ROAR of Ravi Dev
After I had quit my job in NYC in 1988 and returned to Guyana as a member of a small think tank called the “Jaguar Committee for Democracy”, I prepared a paper, “For a New Political Culture in Guyana” in 1990. Free and fair elections were in the air, and the need for a sanitised voters’ list had forced the political parties to accept the elections scheduled for that year be pushed back to 1992.
The epigraph of the paper insisted that “Changes in moral and cultural consciousness precede changes in political behaviour,” and continued: “It is the contention of this paper that until the politicians and other actors in the public arena openly and publicly confront the racial basis of Guyanese political culture and structures, and deal with its consequences affirmatively, we will remain mired in a Sisyphean paradigm. Doomed to struggle strenuously – perhaps even heroically – but ultimately futilely, for the goal they all claim to share in common – a Guyana in which all groups can have their just share of power: political, economic and social.”
The paper was presented to the three major parties of the day, the PPP, PNC and WPA as a “white Paper” to form the basis for a Symposium we were going to organise in which the said parties would present their take on the “race problematic”. Dr Jagan agreed on behalf of the PPP, Malcolm Parris, then Chairman of the PNC, also did so on behalf of his party but after a presentation to the executive body to the WPA, they declined, since in their estimation, they disagreed with the premise of the paper. The WPA had evidently resolved the problem through their efforts since 1974. The Symposium died stillborn.
In the following decades, first as the JCD and after 2000, as ROAR, we articulated the ideas contained in the paper in the press – first the Stabroek News later joined by the Kaieteur News; over the TV programme “Issues and Answer” and in Parliament, after we occupied a seat there between 2001 and 2006. The centrepiece of the analysis was that operating in Guyana were several “Ethnic Security Dilemmas”.
After WWII, the paper noted, “The discovery that the Indians were mastering the very skills long associated with the ruling class and in a manner more completely that themselves, compounded the indignities of the African slave heritage. The final insult was their elites advising them that they had to imitate the very qualities they had derided in the Indians, if they wanted to compete in the modern dispensation. Their group worth, and consequently the individual’s self-worth, were threatened.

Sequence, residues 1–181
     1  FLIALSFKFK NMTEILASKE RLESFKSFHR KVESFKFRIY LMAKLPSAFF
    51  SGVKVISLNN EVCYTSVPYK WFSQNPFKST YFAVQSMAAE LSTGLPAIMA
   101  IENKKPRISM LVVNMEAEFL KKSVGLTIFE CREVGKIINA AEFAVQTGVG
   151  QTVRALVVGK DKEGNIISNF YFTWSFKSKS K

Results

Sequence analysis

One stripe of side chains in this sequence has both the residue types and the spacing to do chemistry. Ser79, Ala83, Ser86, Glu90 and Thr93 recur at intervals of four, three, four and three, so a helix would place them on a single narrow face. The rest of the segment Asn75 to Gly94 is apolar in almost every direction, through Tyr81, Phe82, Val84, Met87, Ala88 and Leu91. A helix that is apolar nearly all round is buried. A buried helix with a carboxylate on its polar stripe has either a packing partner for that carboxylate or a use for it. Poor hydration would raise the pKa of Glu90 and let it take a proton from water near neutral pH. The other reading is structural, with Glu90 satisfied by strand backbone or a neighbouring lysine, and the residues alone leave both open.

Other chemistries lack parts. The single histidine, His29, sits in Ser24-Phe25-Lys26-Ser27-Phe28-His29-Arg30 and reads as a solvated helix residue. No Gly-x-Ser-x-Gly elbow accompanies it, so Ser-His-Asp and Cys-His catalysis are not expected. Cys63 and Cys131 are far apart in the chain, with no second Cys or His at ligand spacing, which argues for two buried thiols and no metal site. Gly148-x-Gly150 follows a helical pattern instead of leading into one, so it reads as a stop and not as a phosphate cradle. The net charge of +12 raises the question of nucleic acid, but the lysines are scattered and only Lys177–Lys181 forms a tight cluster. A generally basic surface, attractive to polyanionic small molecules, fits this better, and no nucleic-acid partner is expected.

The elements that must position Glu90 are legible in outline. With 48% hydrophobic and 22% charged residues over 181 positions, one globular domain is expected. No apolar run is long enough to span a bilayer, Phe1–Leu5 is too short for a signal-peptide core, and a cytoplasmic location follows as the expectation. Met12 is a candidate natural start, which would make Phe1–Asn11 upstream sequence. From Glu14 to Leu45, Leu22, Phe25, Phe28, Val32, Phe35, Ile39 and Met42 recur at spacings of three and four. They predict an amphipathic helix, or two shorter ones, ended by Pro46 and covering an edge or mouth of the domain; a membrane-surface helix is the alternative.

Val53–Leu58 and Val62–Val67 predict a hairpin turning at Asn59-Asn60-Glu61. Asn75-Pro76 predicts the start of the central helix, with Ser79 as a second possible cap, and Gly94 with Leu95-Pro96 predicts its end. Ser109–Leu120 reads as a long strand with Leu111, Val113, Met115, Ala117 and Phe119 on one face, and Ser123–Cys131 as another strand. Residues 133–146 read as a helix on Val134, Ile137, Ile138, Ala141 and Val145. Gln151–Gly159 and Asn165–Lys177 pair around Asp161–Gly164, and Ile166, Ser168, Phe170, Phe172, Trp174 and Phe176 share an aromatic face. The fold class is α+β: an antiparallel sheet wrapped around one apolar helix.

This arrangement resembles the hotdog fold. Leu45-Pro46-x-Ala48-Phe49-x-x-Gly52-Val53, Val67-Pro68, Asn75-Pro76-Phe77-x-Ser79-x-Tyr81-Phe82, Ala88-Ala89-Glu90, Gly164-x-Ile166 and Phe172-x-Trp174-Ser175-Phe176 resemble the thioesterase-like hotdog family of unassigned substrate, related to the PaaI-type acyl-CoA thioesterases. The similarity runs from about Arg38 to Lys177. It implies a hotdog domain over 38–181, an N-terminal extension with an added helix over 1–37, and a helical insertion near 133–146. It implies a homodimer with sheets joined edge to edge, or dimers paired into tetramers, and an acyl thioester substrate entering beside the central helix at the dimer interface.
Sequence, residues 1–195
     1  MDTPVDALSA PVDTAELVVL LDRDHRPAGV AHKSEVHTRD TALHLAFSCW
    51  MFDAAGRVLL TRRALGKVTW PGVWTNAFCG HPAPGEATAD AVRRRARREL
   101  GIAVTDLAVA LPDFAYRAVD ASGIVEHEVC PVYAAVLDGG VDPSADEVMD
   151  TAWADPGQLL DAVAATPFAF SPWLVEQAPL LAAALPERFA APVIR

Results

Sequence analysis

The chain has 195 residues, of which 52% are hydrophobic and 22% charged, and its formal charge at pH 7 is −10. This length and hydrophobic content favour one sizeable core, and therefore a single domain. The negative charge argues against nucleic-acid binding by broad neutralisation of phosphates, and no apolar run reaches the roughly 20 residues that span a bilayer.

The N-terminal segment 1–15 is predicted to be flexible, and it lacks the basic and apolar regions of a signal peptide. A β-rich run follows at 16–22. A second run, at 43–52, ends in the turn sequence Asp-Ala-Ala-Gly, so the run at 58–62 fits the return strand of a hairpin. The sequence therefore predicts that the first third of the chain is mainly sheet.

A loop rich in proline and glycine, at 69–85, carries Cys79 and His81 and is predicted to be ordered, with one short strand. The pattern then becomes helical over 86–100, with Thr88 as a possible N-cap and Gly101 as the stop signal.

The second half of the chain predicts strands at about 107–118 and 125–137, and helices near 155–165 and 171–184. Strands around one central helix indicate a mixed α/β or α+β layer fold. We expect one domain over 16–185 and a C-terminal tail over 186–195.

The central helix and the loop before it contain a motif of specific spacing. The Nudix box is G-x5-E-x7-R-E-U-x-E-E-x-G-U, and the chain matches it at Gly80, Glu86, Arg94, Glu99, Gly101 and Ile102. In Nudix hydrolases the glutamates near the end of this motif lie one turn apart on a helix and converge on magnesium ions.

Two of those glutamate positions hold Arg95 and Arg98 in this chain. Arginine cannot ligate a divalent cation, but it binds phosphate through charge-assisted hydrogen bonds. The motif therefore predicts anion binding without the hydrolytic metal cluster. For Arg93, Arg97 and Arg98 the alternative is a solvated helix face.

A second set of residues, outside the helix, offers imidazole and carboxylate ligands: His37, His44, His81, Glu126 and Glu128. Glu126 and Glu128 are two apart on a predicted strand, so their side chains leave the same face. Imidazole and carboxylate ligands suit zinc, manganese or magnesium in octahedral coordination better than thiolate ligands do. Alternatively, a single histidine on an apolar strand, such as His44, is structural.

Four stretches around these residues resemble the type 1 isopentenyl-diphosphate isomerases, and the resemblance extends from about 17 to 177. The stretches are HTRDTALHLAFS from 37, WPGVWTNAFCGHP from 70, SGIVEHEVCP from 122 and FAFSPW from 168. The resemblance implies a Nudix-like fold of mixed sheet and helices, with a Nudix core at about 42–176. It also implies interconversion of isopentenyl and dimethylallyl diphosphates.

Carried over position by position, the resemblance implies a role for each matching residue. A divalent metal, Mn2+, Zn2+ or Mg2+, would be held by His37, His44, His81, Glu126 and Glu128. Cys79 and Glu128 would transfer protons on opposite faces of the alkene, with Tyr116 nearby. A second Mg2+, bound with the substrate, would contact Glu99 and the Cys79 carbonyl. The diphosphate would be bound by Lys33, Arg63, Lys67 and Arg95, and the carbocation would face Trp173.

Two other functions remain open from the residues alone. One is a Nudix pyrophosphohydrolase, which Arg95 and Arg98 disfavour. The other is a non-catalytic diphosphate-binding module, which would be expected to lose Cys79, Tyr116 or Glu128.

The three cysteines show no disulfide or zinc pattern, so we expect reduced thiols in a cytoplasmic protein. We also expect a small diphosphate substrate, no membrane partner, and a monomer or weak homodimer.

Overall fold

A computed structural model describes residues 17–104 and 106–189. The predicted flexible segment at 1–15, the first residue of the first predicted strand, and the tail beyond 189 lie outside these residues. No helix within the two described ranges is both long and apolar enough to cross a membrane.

Compounding this psychological insecurity was the demographic factor: the Indians had a much greater birth rate than the African. Combining their newly acquired skills with an imminent majority of voters, in a political arena governed by majoritarian rules and universal suffrage, it was quite conceivable that the Indians could subordinate the Africans in perpetuity. Groups in this situation are overwhelmingly initiators of ethnic violence, as they project their anxiety and insecurity onto the other group who are seen as threats to their survival.
From this perspective, the response of the African Guyanese is not unique; the same response has been elicited in culturally dissimilar groups such as the Malays who are in a structurally similar position economically in Malaysian society. Thus while Burnham, and the C.I.A. might have midwifed ethnic conflict in Guyana, they certainly did not create it. Any proposed solution to Guyana’s problem must address this fundamental fear of the African Guyanese; the fear of being swamped and subordinated.
“The Indians and Amerindians, on the other hand, under the international norms of equality assert their right to participate in the body politic in proportion to their share of the population and their contribution to the country. For Indian-Guyanese, even though they may win elections in a free and fair elections it is unlikely they will be allowed to govern since the coercive arms of the state, the bureaucracy and the strategic control of Georgetown are in the hands of their political opponents. Any proposal solution to Guyana’s problems must also address this integral experience of Indian and Amerindian Guyanese; the experience of being excluded from the corridors of power especially political power.”
Today, because of demographic changes making the entire Guyana society a congeries of minorities, the African Ethnic Security Dilemma has been resolved as evidenced by the PNC-led coalition in 2015. Their leaders are stoking fears with a narrative that has no basis in reality.